Abstract P60: Mortality from Severe Trauma in Patients with Pre-existing Cardiac Disease
BACKGROUND: We observed significant morbidity and mortality in patients who suffer severe traumatic injuries with pre-existing cardiac disease. We wondered about the cardiac risks factors that predispose to worse outcomes in these patients.
METHODS: We reviewed 10,144 trauma admissions to the University of Kentucky over a 5 year period (2002 to 2007) in patients 21 years or older. The types and extent of injuries were characterized and risk factors for poor outcome were assessed.
RESULTS: Of the 10,144 trauma patients, adequate cardiovascular history was obtained before emergency treatment in 5971 patients (58.9%). Of the 700 trauma deaths, 236 (33.7%) had adequate medical history to allow accurate assessment of cardiovascular risk. Severe head & chest injuries caused death in most patients (79.2%). Significant multivariate predictors of trauma-related death in this cohort included Glascow coma score (O.R. = 1.266/score unit), older age (O.R. = 0.931/year), injury severity score (O.R. = 1.096/unit score), major burn (O.R. = 7.36), assault with a weapon (O.R. = 3.236), and female gender (O.R. = 1.561). Importantly, after propensity adjustment, significant cardiovascular mortality risks included pre-injury warfarin therapy, congestive heart failure (CHF), & beta-blocker use. The highest mortality rates occurred in patients with combinations of these cardiovascular risk factors (see table⇓).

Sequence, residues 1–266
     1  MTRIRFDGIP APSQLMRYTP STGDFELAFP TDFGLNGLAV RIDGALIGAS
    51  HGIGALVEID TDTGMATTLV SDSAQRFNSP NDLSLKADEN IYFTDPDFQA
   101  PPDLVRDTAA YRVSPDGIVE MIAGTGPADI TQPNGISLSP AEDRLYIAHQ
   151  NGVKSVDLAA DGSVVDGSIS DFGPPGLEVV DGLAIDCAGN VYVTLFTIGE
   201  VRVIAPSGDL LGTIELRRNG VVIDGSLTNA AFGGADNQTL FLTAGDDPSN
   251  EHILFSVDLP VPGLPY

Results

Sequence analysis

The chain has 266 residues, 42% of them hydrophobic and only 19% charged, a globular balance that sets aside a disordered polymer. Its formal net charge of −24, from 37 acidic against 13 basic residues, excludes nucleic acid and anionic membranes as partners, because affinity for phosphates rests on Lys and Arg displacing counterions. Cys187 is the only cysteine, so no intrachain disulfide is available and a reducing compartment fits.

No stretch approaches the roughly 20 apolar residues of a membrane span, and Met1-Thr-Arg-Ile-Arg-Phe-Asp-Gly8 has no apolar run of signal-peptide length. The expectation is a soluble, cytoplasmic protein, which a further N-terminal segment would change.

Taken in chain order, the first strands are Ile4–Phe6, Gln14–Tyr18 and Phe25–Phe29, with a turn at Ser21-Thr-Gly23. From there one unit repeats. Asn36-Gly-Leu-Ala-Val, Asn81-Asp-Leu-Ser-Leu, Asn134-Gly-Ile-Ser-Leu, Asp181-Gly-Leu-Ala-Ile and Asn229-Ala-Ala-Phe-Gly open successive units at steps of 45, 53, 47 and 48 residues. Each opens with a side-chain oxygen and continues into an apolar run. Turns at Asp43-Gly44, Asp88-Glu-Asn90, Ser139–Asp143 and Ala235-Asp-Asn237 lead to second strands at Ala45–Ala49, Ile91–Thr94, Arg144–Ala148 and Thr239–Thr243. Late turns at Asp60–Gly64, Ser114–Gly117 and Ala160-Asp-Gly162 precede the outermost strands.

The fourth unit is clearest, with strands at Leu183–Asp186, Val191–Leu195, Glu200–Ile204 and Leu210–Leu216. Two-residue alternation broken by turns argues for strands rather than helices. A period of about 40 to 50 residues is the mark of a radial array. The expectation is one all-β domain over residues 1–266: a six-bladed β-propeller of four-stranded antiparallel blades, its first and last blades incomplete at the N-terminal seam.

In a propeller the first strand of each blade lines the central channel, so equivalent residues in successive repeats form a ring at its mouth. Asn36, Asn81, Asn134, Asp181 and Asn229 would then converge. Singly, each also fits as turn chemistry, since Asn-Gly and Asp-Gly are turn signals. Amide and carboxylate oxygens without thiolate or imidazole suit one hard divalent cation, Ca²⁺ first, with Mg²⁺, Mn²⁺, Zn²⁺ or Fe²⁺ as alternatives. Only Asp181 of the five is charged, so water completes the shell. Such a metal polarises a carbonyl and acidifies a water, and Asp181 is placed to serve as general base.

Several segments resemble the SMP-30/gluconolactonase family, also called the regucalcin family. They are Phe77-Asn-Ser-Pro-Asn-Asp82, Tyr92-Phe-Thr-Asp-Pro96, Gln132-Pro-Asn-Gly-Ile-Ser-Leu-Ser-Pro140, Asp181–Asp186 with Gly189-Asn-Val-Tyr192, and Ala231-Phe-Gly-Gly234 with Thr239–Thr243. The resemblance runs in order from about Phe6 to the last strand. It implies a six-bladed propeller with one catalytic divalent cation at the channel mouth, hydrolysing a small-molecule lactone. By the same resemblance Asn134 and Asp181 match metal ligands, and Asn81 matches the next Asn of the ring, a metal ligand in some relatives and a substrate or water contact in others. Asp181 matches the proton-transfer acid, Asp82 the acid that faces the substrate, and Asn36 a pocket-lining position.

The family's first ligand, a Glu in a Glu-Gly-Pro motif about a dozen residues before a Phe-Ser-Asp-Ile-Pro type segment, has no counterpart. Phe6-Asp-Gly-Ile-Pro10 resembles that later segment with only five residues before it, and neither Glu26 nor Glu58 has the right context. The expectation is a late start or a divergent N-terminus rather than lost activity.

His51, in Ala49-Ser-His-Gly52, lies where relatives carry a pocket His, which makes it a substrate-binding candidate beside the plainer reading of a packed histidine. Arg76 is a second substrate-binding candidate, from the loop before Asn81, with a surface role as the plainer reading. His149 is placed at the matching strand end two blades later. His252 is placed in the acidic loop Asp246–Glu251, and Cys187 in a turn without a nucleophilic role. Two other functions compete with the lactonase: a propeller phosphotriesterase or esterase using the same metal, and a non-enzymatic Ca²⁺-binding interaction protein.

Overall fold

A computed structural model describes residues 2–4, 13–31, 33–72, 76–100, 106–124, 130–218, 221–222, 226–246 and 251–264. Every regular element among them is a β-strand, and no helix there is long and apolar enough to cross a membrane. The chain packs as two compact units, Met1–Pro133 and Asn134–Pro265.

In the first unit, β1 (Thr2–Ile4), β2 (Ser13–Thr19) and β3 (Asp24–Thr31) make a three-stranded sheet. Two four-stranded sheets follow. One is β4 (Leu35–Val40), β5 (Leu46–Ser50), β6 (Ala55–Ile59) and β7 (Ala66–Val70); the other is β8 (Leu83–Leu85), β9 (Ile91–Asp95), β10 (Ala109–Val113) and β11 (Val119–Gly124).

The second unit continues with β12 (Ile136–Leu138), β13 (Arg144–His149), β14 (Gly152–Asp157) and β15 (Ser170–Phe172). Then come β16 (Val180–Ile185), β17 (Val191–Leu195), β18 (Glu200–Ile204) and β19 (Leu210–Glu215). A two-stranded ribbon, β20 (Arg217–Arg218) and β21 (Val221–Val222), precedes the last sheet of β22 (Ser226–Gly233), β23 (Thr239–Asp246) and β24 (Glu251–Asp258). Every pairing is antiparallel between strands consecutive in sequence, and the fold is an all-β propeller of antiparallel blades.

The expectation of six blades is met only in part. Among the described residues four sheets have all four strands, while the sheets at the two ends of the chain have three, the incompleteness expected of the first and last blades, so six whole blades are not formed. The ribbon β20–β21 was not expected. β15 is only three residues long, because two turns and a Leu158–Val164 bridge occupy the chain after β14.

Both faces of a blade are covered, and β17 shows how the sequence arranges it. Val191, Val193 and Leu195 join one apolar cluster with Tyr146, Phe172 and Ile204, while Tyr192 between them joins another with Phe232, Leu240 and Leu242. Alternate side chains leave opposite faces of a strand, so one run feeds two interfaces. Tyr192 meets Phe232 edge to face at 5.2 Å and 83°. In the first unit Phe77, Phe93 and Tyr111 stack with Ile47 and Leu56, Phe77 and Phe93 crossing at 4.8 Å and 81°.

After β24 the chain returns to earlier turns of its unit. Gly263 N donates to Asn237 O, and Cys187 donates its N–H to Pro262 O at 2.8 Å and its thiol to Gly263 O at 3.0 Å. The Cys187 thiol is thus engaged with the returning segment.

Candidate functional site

CONCLUSIONS: Pre-injury cardiac risk factors, especially pre-injury warfarin, beta-blocker use and CHF, are independent multivariate predictors of mortality in patients suffering significant trauma. Patients with more than one pre-injury cardiac risk factor have 2 to 4 times the mortality risk compared to those without cardiac risks. : Category (Complete): Miscellaneous Keyword (Complete): Trauma ; Cardiac risks ; warfarin Samson Resident Award (Complete): *Paul C. Samson Award (Required): No Status: Complete